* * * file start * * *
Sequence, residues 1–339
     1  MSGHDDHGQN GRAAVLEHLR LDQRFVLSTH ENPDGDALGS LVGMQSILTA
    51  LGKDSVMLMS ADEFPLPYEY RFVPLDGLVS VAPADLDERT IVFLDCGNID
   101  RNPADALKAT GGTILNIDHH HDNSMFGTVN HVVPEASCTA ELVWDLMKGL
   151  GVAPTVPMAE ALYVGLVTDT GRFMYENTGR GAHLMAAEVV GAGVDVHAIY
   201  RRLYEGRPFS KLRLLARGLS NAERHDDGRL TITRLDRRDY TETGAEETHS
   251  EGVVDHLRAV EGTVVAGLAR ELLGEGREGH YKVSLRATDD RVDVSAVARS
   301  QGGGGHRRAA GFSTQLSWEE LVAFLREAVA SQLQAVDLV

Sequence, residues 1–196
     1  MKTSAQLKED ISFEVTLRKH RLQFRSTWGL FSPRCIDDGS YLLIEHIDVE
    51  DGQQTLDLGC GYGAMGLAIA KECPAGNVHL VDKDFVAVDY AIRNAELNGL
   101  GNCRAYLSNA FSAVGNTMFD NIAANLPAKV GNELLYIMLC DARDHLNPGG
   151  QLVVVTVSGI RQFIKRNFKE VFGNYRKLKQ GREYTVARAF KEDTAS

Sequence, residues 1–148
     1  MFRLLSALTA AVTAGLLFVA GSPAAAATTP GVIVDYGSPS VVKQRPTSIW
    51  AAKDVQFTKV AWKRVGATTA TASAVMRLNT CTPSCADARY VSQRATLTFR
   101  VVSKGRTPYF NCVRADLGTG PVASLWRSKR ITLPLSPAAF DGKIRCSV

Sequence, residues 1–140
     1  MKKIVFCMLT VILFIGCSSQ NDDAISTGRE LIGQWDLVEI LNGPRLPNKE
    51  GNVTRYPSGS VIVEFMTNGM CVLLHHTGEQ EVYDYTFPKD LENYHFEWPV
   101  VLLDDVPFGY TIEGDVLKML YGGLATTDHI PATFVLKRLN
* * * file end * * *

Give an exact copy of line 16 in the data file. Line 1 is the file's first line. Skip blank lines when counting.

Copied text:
    51  AAKDVQFTKV AWKRVGATTA TASAVMRLNT CTPSCADARY VSQRATLTFR